"Real" Alaskan food

My wife and I will be doing our first cruise to Alaska in May. We will have port days in Skagway, Ketchikan, and Juneau. Cruise ends in Anchorage! Are there any restaurants in these cities that serve "real" Alaskan foods like bear, moose and caribou. Happy We'd be interested hearing about experiences and/or suggestions! Thanks

Whitetrike

Tags: Alaska - Inside Passage

14 Answers

Gonna answer by not answering...we made that trip, and all it proved to me was to see/experience Alaska, taking a cruise isn't how to do it. We're glad we made the trip, seemed like a big deal, but now we'd have to plan something a bit more authentic. Didn't have to go to Alaska to eat bear meat..did it right around here....explains why our forefathers probably had bad attitudes most of the time. And carried a lot of tooth picks..We have moose, mostly protected, and as for caribou? where was it yesterday? Mebbe ol KENNICOT can chime in...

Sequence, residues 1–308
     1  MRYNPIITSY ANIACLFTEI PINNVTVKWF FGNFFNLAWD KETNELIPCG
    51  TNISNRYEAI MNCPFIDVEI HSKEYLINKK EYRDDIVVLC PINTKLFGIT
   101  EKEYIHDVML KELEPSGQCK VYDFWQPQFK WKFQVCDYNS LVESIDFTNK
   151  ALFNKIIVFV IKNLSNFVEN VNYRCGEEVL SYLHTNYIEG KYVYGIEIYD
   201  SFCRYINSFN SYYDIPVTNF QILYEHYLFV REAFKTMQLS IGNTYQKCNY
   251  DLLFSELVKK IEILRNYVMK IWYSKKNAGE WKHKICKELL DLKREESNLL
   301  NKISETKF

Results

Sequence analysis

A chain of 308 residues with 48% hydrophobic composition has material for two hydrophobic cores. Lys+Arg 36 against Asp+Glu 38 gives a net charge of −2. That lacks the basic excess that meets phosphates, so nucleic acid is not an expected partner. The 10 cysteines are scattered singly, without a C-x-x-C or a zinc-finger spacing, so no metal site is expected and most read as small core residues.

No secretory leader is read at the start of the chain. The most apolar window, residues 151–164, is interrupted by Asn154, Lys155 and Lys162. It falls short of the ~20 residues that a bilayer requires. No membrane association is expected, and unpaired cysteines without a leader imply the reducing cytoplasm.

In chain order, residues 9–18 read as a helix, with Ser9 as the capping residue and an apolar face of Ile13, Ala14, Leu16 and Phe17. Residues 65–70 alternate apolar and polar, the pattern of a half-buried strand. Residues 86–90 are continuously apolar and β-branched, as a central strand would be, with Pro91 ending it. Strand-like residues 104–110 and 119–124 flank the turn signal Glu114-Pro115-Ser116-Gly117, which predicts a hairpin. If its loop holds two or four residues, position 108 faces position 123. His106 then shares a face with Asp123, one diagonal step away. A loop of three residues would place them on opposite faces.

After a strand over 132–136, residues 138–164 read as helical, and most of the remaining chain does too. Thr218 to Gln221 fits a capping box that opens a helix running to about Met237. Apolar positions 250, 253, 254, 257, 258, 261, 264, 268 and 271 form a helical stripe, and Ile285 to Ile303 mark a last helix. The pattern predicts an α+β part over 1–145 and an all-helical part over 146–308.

Not sure what happened KENN....got an email notification that you replied to this...interesting answer...however it didn't appear HERE...it DID say 2 answers, mine, and then nada...this will make 3...another glitch??